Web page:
Driving any TYP II across the Plains or other high wind area was like flying a small aircraft ~ you had to constantly crab it or get blown right off the road and into the ditch .

    -Nate

    • 0 avatar
      3Deuce27

      “Crab it” LOL! The thought of cross controlling a Type-2 at speed in high winds on a narrow high crowned country road, raises goose bumps. Add in wet or ice slick, and my hair stands on end.

      • 0 avatar

        Driving my ’72 Bus across the Mackinac Bridge was always an interesting part of our annual camping trip to the Upper Peninsula. A bit of a handful on those windy days when 18-wheeler drivers were asking for escorts. I’m glad I never had to take my ’67 split window over the Bridge. With swing axles I’m guessing it would have been even worse in cross winds.

      • 0 avatar
        -Nate

        @ 3Duce27 ~

        You have _NO_IDEA_ ~ for many years I had a cheap auto painter way up the mountain in Hesperia , Ca. and we’d tow used Beetles up there with an old single port 1600 CC Micro bus , always a link pin , swing axle one from the early 1960′s , more than once my partner would be drunk , high or simply full of hate with his current main squeeze and fly down that 10′ wide road @ 50 + MPH four wheel drifting both the bus and the towed Beetle through most of the corners .

        The last time , he’d removed the rear seat to haul some cargo then tossed it back in so Billy Bob and I could ride along for fun , the *instant* we hit the road back down he pulled one of his infamous Mr. Hyde bullshit acts and we were tossed from side to side in an unattached bench seat so badly (Billy Bob weighed 240 #) that we ruined all the side trim panels and bent the double doors ~ I was terrified I’d get pitched out and over the cliff , never again no matter how much he whined and complained .

        Those old steel deck bridges , -YIKES- ! truly ‘ E – Ticket ‘ rides , not for the faint of heart but routine back then , part of why I loved my tiny 36 HP engines ~ you could run them 24/7 flat out with no worries and only when no wind and dead flat could they make any VW go fast enough to really be dangerous .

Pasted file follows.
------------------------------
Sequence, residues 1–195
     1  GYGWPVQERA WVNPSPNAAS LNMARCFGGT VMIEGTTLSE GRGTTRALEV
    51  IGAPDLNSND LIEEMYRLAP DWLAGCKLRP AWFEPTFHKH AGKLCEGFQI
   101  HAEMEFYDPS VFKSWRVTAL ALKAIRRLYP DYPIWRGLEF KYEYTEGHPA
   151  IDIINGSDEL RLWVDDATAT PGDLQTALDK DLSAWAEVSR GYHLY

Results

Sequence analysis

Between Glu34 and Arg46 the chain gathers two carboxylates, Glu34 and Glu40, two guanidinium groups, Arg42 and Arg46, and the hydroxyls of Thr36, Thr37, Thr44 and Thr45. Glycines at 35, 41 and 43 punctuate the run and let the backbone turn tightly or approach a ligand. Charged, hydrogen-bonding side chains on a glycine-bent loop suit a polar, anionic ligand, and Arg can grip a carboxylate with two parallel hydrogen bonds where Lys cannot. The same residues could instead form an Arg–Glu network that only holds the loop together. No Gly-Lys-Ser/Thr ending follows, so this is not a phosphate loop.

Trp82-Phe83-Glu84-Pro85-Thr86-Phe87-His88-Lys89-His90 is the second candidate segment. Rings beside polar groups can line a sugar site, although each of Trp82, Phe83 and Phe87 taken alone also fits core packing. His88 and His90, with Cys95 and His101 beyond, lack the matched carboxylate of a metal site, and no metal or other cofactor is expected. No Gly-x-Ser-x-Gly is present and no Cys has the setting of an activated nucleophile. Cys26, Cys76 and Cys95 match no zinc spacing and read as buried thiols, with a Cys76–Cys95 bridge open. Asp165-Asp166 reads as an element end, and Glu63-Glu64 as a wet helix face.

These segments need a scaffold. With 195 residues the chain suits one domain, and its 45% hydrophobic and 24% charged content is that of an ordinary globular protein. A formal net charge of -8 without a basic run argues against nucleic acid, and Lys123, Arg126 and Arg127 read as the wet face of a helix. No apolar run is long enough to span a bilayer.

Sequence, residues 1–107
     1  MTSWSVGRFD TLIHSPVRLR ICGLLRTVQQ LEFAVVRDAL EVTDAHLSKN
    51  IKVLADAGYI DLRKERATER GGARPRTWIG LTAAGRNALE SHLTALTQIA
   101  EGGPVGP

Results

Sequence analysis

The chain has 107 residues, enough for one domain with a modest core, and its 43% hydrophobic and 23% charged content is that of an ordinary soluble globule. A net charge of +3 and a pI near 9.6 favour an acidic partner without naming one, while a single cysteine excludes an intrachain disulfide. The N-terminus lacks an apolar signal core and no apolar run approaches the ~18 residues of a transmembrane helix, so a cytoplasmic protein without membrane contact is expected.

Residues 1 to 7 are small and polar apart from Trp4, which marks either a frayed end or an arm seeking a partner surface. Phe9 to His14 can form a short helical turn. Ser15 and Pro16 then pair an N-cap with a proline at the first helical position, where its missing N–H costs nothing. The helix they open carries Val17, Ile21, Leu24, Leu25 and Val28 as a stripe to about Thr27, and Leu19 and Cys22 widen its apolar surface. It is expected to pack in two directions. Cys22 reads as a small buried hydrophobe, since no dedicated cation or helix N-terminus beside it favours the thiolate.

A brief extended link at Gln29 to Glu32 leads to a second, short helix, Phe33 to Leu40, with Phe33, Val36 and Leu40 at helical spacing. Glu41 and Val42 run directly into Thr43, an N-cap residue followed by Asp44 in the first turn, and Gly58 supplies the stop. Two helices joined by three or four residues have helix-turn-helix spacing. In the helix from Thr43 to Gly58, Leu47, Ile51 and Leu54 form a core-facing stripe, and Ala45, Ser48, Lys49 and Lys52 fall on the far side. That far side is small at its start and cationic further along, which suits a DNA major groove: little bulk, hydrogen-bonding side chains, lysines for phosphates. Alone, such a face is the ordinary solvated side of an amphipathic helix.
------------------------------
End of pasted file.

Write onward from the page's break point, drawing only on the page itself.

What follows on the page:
Like the time by drama-queen ex wife caused a near fatal accident in my split window Beetle ‘ Zwitter ‘ , going 85 MPH when I spun it and hit a curb on the freeway , rolling it _up_ the embankment .

        No seat belts of course because I STUPIDLY didn’t want to drill holes into my pristine Vintage VW .

        I’m sitting here now wearing a neck brace because of that accident in 197? .

        BE SAFE ! BE SMART ! .

        Don’t ask me to drive a safe , modern car ’cause I won’t .

        -Nate

        • 0 avatar
          3Deuce27

          Nate, sounds like you have as storied a history in VW’s as I do in VW’s.

          My first VW a 57′ sunroof, engine modified with dual carbs, Okrasa heads, cylinders, pistons, crank, Bosch ’010′ distributor, and cam, with stinger exhaust, riding on Cragar GT’s with Firestone ‘Red Line’ wide ovals, had a lot of adventures and was some what famous around my area.

          I had several incidents with it. One day as school was being let out I came around the corner at Stadium HS full tilt to do a bit of showing off.

          The curve from N_E’ St. to N_ 1st St. is a wide 95 degree slightly up hill clipped corner, sweeper. I took this corner a lot on two wheels, and thought I had down to perfection. I didn’t, well maybe I did?.

          As I came around the corner I checked for pedestrians and sighted a tall beauty crossing the quadrant, I looked too long at this magnificent creature while committed to the corner and put my Bug against the curb while on two wheels. The two curbside wheels broke off and end up under the car as it slid a few feet down the side walk. Embarrassing. Did I mention stupid.

          I did meet the beauty, and coincidentally, later, did date her as beautiful, older sister.

          Total incident damage after my ego, two Cragar GT’s, and one transaxle, though, later, I was able to put on two wheels and drive her home.

          In another incident, I was driving down So. Tacoma way, when I sighted another beauty walking down the side walk in her sun outfit all legs and dreamy, my buddy jumped up standing and whistling(the top was down on a rare sunny day in the NW).

          The guy ahead of us was in a 600 Fiat coupe, he slowed to take a look too, and I tapped him lightly in the rear bumper. I didn’t run a front bumper and had nerf bars so I had some damage to the right front fender as I had swerved a bit to the left as I braked.

          Though, there was no damage to the Fiat, it wouldn’t start after I tapped it. I took a look at the engine and discovered that the distributor was very loose and must of rotated a bit on impact. A bit of playing with it as he cranked and we found the sweet spot locked her down and sent him on his way.

          I wonder how many guys have rear ended car looking at pretty grrl’s. Damn near did it Friday afternoon when I took my 328 to the cruise-in at the local hamburger joint.

          And yes, driving old cars doesn’t concern me one bit, and driving old Bugs/Ghia’s/Type-3′s, is a treat.

          • 0 avatar
            -Nate

            Oh yeah ~

            I grew up in them and by the time I was 14 I began my life as an Air Cooled VW Mechanic .